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Old May 6, 2004, 11:04 AM   #1
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My wife is a window covering dealer and creates many custom drapery designs. These are photographed for use in her gallery of ideas, both with printed 4 x 6 prints and on the internet.

She has been using a point and shoot film camera with mediocre to poor results and we are ready to move to digital.

The major issue is shooting window treatments against the outdoor light. Having had Nikons for 35 years(don't own any AF lenses), I naturally look to Nikon. I am thinking of the D70 kit with an SB-800 strobe to provide enough light to balance with the outdoor sunlight. I realize it will take some experimentation to get the balance right for a pleasing result.

I moved toward SLR in my quest, thinking it will be easier to compose against a strong backlight given the fact that digital will wash out on the LCD screen.

In addition to her work use, I will use the camera for general purpose family photography.

Here's a link to some of the photos that have been taken with the point and shoot film camera, then heavily cleaned up in Photoshop to try to overcome the lack of flash coverage and other issues.

http://www.pbase.com/kathiej

Anyone have any recommendations that might seem a better approach than the D70/SB-800. Your thoughts are appreciated.

Deane
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Old May 6, 2004, 11:44 AM   #2
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Please don't let my wife find your gallery:!:

We are in the process of moving into a another home and she already wants new carpet. If she sees your gallery....well, there goes the budget. :-)

I don't see anything mediocre about the pics, and your wife does great work.

Hopefully, you'll get some responses from Nikon users on the desired camera/flash combo for your purposes (I suspect that it will make a wonderful choice, for what you are trying to capture).


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Old May 7, 2004, 12:01 AM   #3
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Iexpect the Canonites to come in defence, but the D70 as with other Nikon dSLRs, has a peculiar "feature" of underexposing (when in auto) to prevent blowing out highlights - which in this case could be the very feature that swings you towards a Nikon purchase.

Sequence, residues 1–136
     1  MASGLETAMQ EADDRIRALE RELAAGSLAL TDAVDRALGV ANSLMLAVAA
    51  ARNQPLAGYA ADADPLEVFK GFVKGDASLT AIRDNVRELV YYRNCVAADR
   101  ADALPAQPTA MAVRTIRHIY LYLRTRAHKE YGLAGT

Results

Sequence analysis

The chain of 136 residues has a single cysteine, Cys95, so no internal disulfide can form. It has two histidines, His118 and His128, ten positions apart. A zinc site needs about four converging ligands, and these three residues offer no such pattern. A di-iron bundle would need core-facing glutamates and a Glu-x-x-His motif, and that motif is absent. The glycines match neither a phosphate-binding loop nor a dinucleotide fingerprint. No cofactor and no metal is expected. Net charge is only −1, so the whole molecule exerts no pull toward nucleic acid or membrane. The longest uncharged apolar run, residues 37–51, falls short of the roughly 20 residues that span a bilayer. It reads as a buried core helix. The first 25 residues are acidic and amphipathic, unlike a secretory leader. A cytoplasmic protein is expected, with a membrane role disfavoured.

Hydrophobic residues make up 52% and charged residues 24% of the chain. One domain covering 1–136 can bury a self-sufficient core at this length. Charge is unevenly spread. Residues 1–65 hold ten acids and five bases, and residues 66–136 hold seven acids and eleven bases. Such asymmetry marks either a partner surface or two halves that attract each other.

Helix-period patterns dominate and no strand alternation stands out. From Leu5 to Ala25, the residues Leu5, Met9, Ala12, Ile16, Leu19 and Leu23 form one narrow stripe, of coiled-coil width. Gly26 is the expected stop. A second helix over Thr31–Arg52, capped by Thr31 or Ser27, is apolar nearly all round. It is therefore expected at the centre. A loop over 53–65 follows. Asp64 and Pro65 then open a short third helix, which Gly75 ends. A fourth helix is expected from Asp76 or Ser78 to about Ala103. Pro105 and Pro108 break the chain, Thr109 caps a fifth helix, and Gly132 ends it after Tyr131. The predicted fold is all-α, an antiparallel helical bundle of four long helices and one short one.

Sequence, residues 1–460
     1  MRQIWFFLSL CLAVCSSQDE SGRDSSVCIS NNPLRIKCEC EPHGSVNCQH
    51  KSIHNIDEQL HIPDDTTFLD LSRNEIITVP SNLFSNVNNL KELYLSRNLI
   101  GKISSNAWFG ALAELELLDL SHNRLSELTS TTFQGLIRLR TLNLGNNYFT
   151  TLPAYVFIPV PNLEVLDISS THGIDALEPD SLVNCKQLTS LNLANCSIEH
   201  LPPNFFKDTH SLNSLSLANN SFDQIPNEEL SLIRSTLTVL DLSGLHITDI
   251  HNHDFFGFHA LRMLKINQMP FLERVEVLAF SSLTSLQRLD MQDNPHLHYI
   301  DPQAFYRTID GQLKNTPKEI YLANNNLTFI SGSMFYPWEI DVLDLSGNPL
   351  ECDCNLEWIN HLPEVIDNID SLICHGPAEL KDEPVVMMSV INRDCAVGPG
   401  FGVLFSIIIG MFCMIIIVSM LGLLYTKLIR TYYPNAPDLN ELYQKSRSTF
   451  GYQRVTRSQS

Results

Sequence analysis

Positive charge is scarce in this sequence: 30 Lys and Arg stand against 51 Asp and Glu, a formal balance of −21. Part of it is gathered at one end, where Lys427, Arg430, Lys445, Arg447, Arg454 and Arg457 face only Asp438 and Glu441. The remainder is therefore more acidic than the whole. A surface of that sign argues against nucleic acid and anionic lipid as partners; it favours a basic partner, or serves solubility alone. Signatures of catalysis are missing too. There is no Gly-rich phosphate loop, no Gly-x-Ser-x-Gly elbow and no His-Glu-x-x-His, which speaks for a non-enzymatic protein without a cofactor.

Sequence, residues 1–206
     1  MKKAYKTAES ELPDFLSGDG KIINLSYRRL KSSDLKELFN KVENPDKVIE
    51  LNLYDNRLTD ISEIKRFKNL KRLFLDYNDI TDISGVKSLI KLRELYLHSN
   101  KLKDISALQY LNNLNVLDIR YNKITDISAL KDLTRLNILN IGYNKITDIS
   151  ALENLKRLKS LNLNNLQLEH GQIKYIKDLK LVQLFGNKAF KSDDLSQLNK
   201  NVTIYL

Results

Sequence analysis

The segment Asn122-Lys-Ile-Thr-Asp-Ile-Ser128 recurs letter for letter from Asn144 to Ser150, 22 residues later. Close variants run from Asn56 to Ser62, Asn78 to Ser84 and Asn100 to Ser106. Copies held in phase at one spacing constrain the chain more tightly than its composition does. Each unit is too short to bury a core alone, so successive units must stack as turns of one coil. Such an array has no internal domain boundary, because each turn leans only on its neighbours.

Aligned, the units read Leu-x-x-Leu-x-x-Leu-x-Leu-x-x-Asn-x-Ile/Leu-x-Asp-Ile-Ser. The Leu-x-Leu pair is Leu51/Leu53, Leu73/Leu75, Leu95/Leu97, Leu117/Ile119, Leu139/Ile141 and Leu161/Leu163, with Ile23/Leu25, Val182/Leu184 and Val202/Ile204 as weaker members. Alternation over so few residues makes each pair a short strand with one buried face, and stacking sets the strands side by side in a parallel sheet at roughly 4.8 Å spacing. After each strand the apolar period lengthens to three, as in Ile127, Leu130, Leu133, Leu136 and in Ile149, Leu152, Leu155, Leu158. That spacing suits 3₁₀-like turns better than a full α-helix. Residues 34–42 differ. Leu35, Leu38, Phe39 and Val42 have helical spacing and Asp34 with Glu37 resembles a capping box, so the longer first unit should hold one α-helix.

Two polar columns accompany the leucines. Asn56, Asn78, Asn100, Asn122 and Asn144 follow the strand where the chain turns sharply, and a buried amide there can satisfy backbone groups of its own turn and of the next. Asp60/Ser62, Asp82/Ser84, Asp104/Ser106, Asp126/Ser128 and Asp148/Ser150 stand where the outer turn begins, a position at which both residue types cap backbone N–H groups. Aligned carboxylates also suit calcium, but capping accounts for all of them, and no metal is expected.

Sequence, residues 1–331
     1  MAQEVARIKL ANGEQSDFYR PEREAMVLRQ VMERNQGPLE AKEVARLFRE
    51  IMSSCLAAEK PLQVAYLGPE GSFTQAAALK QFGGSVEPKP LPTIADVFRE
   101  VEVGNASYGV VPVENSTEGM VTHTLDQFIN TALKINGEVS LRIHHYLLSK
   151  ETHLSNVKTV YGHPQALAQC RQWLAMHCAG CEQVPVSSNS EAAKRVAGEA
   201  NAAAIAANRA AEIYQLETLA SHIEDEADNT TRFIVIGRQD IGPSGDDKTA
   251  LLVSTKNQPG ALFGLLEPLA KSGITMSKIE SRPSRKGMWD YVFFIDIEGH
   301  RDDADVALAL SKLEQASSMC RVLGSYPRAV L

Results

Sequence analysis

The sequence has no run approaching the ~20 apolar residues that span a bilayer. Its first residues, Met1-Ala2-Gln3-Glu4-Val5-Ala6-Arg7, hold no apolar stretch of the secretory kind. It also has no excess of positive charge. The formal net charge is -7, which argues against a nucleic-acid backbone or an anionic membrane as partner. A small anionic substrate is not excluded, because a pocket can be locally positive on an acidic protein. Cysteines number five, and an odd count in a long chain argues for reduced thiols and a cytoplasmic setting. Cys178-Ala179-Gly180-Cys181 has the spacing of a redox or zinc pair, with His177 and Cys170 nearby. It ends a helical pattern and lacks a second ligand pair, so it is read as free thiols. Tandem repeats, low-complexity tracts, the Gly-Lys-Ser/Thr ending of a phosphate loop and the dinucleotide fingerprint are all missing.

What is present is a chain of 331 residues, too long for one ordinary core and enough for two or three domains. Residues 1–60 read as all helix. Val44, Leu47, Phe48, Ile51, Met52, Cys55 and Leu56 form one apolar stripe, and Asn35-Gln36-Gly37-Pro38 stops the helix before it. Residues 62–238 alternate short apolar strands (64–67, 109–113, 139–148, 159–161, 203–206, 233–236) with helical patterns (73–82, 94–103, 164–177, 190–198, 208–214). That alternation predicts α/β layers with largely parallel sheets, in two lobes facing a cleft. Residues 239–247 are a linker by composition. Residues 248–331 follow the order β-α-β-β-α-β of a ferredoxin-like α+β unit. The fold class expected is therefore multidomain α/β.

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Old May 7, 2004, 6:34 AM   #4
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Going by the published specs, the flash for distance feature looks useful. Just guessing how it might work, if the camera focuses on the window treatment and sets the flash for that distance, ignoring the light coming in the window in it's deliberations, a useable exposure should occur. At least that's how I am hoping it might work.
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Old May 7, 2004, 7:36 PM   #5
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Deane:

Having given your use some thought, I think you probably ought to avoid the D70.For most people, it's probably fine, but for you I don't think it would work well.

Why? Nikon decided to use a weaker anti-aliasing filter on the D70. This improves sharpness, butcan introduce moiré (odd stripes or colors) , which is causedwhen a fine pattern in the subject (such as the weave in a fabric or very close, parallel lines in architecture) matches the pattern of the imaging chip.

Since almost all your photographs will have fabrics,thismightcause an unacceptable percentage ofphotos to have the problem.

Note Steve's comments on it in his D70 review conclusion: